This is also analagous to the common scarab systems where a site places a branded scarab on their page and the user is encouraged to click on it to authenticate. These scarabs don’t need to be web bugs and usually aren’t. So unlike the Amazon donation scheme only the third party’s brand appear on them and nothing showing how the third party recognizes this users.
Scarab schemes didn’t gain traction in the market. The curious sites hated them because the threatened their customer relationships. The scarab vendors, like Passport, looked like they would stick their nose into the middle of the relationship. One term used for that entanglement is “account linking” the authentication site and the curious site both have account relationships with the user and part of the design for most of these systems involved linking these accounts. Another way to describe the fear that the scarab vendors would intrude on the the relationship of the curious sites is to say that they feared that one account would become subordinate to the other one. For example that before the user could get to his eBay account he would need to pass thru his dominate Passport acount.
The scheme outline here involves no account linking at all. The in this scheme the trusted third party X is only providing a single service – a means for the user to prove to the curious site that he has a relationship with X. That’s it. That’s less likely to threaten the curious sites.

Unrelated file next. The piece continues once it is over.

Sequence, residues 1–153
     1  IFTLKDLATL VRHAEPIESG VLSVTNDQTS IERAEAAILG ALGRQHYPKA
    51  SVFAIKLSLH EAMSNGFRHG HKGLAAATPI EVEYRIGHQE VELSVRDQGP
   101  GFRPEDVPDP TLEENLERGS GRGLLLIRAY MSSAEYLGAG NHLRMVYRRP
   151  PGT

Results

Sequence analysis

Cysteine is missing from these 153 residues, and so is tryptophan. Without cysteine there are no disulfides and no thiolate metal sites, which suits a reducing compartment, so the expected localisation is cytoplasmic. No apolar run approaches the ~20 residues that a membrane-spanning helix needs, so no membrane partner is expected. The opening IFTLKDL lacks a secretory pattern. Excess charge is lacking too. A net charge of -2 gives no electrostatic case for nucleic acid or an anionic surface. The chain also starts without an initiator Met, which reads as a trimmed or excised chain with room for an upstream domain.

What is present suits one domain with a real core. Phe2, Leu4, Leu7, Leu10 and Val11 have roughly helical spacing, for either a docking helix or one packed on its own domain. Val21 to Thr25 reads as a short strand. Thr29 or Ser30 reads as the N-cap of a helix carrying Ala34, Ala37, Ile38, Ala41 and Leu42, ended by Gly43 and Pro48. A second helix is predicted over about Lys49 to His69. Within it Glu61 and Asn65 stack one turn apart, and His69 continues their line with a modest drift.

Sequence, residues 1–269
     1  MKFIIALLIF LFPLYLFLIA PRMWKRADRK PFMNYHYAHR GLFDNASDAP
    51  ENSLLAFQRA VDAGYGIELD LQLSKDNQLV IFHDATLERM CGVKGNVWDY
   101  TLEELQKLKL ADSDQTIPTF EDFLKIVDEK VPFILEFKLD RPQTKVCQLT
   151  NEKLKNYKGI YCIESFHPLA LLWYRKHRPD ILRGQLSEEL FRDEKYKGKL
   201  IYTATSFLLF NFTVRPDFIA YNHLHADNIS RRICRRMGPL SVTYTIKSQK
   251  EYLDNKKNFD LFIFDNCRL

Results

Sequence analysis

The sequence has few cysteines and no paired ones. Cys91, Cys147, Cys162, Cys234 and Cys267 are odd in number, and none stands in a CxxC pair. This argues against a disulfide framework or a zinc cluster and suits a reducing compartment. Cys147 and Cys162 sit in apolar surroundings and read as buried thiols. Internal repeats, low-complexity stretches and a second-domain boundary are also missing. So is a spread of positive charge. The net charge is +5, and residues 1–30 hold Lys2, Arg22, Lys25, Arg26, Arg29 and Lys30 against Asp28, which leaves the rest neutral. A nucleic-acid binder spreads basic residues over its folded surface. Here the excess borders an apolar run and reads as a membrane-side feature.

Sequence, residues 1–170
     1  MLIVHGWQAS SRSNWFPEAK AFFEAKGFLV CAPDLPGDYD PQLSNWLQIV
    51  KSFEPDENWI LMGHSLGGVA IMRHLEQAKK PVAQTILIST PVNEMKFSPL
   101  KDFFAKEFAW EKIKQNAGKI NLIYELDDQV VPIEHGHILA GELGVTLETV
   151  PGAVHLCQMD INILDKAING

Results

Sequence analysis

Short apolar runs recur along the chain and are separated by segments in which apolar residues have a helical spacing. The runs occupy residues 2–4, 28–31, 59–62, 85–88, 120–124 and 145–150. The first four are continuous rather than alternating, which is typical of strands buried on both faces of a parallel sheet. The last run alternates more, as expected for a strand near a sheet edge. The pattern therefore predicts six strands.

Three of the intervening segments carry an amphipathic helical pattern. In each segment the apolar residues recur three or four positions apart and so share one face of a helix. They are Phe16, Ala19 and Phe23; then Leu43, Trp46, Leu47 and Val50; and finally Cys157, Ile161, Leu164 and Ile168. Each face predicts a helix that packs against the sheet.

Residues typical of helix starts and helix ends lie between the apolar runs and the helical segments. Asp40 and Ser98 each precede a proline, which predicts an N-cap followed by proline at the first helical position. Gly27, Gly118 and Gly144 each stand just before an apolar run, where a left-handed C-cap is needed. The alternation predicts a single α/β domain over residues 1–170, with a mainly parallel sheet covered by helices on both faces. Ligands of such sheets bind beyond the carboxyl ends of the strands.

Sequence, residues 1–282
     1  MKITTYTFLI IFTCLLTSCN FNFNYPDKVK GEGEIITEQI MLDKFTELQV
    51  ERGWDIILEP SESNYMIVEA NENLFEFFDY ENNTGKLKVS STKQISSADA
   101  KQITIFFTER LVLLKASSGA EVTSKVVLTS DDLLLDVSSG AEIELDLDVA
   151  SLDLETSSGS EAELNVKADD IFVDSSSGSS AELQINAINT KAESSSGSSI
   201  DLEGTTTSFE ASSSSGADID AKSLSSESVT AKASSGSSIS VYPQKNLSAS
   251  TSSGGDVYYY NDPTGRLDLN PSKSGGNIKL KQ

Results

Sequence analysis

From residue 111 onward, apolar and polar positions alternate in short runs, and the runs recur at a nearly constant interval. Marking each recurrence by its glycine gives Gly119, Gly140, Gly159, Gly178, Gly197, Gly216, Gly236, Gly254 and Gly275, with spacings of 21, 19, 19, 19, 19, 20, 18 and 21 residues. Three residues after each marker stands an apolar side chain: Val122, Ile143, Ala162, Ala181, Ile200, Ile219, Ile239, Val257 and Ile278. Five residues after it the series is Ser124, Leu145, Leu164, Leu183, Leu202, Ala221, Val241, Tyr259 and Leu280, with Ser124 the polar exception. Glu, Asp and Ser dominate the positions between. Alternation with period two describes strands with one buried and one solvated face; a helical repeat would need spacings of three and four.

The point of all that is that we reduce the threat to the user and the curious site.
This is also analagous to the capcha schemes. They present a puzzle to the user that by solving increases the site’s confidence that the user is a human. In this case we are asking the user to prove he has a sufficently high quality relationship with a third party site. Since such relationships are, presumably, difficult to obtain – i.e. they take time.
While there are two things I like about this scheme – very little is revealed about the user and no long term account linking is done – it is tempting to do a modicum of durable linking.
After the user enters the pin presented to him the curious site then queries the trusted site to see if that pin is valid. The trusted site can reply yes, no, or it might send back something more complex. Anything more complex implies either more revealing or more linking.
If the third party site hands back a token representing the user that allows further transactions about that user. For example if the curious site uses this to prevent spam his blog that token could be used later to report a spam event back to the trust site. that seems like a fine use. Of course it could also be used to send back more private or slanderous info about the user.
Tokens like the one in that example are common in account linking designs. They denote the linking.
Meanwhile if you suffered thru this entire thing I’m amazed! But here’s an amusing variation on this idea. How about a scheme were you can only comment on a blog if you make a small donation to one of the set of charities selected by the blog’s operator.